Before a psoriasis treatment reaches patients, it is tested, over a period of years and at great expense, at dermatology clinics and hospitals across the United States and abroad. Volunteers are recruited to participate in these clinical trials.
The formats vary; one standard trial is to compare a group of people with psoriasis receiving the experimental treatment being tested, to another group of people with psoriasis being given an identical-looking but harmless “treatment” – one that does not have the active ingredient. To reduce the chance for bias, neither the patient nor the doctor knows who is receiving the real medication and who is receiving the placebo (the pretend treatment) until the trial is complete.
Then, using statistics, the research team can compare differences in safety and effectiveness of the real drug vs. the placebo and determine whether the differences are statistically significant, beyond random chance.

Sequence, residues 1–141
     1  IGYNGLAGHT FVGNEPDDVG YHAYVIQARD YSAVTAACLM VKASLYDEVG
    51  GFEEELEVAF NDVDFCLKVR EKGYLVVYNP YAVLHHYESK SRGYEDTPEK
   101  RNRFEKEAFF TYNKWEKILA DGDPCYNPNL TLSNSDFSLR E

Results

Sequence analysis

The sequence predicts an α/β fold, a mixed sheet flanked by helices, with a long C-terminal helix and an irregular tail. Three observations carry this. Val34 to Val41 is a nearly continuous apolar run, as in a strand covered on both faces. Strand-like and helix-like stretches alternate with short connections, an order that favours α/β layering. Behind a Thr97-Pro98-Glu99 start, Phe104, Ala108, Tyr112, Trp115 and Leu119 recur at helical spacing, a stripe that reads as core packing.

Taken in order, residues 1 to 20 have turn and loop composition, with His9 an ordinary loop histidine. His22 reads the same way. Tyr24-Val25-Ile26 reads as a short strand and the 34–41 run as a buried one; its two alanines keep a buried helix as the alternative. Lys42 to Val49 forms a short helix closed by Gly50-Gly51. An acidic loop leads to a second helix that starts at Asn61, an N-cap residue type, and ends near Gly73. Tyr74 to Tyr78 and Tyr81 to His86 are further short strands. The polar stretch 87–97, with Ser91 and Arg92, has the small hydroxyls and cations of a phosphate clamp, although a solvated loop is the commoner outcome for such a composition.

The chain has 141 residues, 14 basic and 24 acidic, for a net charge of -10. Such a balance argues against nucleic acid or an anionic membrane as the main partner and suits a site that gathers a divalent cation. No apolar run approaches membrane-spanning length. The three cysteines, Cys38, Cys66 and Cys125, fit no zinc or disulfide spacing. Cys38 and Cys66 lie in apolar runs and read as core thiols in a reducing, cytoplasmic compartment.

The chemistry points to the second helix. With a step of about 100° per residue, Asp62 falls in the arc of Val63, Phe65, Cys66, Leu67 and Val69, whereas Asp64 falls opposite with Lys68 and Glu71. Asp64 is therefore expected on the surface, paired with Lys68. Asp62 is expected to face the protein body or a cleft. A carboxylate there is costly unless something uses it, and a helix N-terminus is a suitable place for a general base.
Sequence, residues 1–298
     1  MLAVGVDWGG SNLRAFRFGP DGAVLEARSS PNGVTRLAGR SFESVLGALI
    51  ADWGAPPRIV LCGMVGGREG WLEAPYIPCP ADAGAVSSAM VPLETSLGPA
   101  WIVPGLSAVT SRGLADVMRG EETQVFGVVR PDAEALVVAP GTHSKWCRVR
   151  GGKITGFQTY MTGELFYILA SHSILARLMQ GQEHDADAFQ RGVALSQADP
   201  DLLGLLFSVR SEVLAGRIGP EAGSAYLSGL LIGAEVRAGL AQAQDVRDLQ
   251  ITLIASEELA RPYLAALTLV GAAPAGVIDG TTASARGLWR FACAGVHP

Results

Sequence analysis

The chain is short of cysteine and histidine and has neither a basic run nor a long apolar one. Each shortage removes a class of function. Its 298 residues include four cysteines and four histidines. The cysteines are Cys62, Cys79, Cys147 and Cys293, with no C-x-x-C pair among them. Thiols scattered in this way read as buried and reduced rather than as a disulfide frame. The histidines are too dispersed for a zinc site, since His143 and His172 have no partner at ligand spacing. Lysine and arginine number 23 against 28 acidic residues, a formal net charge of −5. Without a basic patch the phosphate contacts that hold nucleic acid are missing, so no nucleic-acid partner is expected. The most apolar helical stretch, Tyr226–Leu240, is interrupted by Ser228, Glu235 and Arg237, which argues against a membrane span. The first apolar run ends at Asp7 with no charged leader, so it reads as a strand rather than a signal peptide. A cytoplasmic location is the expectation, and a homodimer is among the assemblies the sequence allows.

A similar trial might compare an experimental treatment to a treatment already on the market, to try to prove the experimental treatment’s superiority (or at least “non-inferiority”). There are many other kinds of trial design as well.
Clinical trials are not for everyone, in part because in some trials, some of the patients are not actually receiving a real treatment, so their psoriasis may get worse. Also, while the safety of experimental treatments are first studied in test-tubes and animals, there are occasions when the trial uncovers serious harm done to the people given the experimental treatment. There are numerous measures in place to minimize these risks, and ongoing, careful physician monitoring, but risks cannot be completely eliminated. These risks are explained in detail before you commit to and begin the trial, and there are procedures to withdraw while the trial is still in progress if it is making you ill.
The benefits are you get seen by excellent doctors who often specialize in psoriasis, you may get a great treatment years before it reaches the public, and you do not have to pay for the trial drug. You are also helping advance the world’s scientific knowledge about psoriasis and/or psoriatic arthritis.
The federal government runs a website clearinghouse of clinical trials. You can find the trials that are currently recruiting patients below.
If you decide to enter a clinical trial, or have done one in the past, let us know. We would love to hear your thoughts on the experience.